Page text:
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Get into the ring! How this works...

This is easy! Each week on Thursday I post my homily main focus for preaching this coming Sunday. What I am hoping for is a reaction from people in the pews. Does my "focus" connect with your daily life, faith, and experience? Or not? Either affirm the direction I am going in (by giving me an example from your life) or challenge me, ask for clarification! Questions are the best! Reaction rather than reflection is what I'm looking for here. Don't be afraid, get in the ring. Ole!

Saturday, December 2, 2017

Dec 2 Homily Prep

-Last Sunday's homily is available by email
-This Sunday's Scriptures can be found at
-check out this week's LinC Letter on the back of the parish bulletin or at
-I will be celebrating mass  at 4:00 PM on Saturday  and 9:30 AM and 12:30 PM  on Sunday

Watch! Or should I say “notification“?

While the word "watch" has many roots in various languages the most familiar from the Bible is the military notion of “watch in the night“. The soldiers on military duty divided the hours of darkness into segments called watches, for example first watch, second watch, third watch… of the night.

 I think most of us when we hear the word “watch“ are not thinking of an activity as much as a thing. A watch is a timepiece. In fact, I understand that a watch originally was a small device attached to a clock that functioned as an alarm.

However, in this day and age, what I think of when I hear the word watch is a miniature timepiece that one wears on his wrist, we call it a wristwatch (or at least used to).  I guess originally small wearable time pieces were actually pocket watches. These were worn by men in their vest pocket or pants pocket. The innovation of the wristwatch was really a decorative bracelet worn by women.  During the first World War at the turn of the 20th century the wristwatch (which the soldiers could observe without holding it in their hand for the ease of synchronizing military actions) became an important part of the soldiers uniform.

Now, the most  frequent use for the word watch is a tiny wearable electronic device,  a wrist-born gadget called the Apple Watch.  And one of the greatest features and innovations of the Apple Watch is “notifications“, little alarms at one's wrist notifying you of an appointment, a message, or an incoming phone call. The feature of notification returns the purpose and functionality of the watch to maybe it’s original  use as an “alarm“.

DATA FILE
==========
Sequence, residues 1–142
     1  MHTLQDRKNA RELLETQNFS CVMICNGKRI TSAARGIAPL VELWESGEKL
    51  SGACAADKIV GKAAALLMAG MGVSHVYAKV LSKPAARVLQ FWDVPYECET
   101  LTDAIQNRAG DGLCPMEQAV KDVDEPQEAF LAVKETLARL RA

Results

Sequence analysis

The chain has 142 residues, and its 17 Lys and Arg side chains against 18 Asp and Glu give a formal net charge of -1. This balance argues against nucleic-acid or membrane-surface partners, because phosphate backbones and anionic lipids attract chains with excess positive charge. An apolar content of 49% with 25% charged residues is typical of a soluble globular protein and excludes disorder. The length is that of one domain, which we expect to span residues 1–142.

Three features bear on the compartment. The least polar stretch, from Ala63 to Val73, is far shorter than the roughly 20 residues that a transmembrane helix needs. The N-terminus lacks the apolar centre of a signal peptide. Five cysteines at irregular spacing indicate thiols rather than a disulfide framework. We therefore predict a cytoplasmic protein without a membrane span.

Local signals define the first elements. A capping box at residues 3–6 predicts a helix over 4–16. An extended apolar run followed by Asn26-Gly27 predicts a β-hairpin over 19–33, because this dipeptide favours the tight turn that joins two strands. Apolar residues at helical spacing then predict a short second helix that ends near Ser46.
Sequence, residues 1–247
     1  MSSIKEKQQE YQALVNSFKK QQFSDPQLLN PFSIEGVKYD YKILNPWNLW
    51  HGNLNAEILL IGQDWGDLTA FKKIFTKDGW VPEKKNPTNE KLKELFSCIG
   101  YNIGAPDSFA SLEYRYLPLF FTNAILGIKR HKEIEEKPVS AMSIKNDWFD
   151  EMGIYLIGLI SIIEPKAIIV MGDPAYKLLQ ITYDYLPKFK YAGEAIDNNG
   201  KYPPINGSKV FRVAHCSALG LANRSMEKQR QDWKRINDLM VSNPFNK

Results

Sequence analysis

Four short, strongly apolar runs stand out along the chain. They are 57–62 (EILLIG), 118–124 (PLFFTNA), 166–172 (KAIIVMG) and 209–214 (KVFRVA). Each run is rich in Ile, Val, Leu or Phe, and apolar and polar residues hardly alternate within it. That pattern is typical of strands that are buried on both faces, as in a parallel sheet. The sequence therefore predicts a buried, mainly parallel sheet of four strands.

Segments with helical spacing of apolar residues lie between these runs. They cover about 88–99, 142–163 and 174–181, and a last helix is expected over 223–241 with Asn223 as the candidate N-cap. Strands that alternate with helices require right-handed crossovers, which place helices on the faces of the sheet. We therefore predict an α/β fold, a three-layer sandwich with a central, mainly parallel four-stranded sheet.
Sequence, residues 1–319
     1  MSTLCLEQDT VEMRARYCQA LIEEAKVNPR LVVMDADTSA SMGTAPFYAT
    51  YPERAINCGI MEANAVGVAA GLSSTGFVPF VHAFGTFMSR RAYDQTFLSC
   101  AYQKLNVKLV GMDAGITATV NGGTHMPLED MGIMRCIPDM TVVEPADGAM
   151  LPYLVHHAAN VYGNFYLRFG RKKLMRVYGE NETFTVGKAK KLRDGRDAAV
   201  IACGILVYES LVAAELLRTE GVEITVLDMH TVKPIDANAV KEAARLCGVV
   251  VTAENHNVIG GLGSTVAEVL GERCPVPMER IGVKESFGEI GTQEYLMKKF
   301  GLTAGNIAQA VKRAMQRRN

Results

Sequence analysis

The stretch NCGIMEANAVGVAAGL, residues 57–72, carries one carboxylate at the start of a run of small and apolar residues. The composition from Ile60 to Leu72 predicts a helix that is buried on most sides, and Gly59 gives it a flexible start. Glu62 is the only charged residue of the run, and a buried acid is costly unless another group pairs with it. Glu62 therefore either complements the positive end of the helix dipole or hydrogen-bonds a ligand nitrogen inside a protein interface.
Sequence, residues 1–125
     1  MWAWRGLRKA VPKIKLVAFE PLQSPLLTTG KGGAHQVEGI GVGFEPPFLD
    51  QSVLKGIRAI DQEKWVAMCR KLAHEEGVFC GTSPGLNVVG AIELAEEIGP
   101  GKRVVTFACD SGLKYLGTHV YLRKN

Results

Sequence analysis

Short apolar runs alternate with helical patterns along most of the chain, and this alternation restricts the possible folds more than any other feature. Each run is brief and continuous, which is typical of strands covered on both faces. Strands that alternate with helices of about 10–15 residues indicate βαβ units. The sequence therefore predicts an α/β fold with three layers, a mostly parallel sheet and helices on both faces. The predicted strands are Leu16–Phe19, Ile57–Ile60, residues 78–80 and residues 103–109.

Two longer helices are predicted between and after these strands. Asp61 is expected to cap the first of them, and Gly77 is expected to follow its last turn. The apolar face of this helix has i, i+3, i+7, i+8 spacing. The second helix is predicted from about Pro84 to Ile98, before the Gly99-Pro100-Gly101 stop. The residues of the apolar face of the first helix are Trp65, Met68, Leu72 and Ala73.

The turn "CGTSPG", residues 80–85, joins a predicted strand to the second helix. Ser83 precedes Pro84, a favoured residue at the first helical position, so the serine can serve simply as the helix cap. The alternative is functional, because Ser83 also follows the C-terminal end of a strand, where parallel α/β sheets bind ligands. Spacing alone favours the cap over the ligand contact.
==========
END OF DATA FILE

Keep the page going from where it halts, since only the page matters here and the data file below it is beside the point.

When the craziest innovations of this electronic device at the wrist is the activity monitor. Now the watch/fit bit or what other name you might give to your wrist watch has a whole set of activities steps, movement, heart rate, standup,. Now throughout the day people all around you are getting a little jiggle it the rest reminding them it’s time to stand up , You’ve taken this many steps today, you’ve met your goal for activity, what’s your heart rate. This has brought together the two meanings of watch in the sense that someone is keeping watch and it is happening on your watch. Giving you an alarm about what’s happening at the current time.

The Gospel today on this first Sunday of Advent calls us to watch. So add vent is a particular time and it is a particular notification and it is a particular alarm. Be alert, be awake, be on notice, pay attention,  someone is contacting you, it’s time to stand up, you have not met your goal for activity today. . The time is near. The Lord is near. Watch!


Peg said...

Your intro line instantly made me want to see. Watch this, watch me . . . or in Spanish 'mira, mira'. Look, see, pay attention! The word watch as an accessory always calls to my mind a time when I went on a marriage encounter back in '83, before smart phones. We were asked to take off our watches so as to focus on the present. The very last time I wore a watch was the last Saturday in October 1983 when we gained an hour (DST). Watch is a verb to me. I watch, look for the birth of Jesus. Thank you for your thoughts.

Beckon said...

I like the reminder that someone is contacting me. Jesus is forever beckoning each one of us, tapping us on the shoulder, waving us in - but we have to notice him doing so. It can be easy to miss his subtleties in creation, or the cry of the poor, or an unfamiliar face; yet we need the reminder of advent to remain faithful to the call to "watch" for him at all times. He always wants us and we can't let ourselves be fooled into thinking he is not in our midst.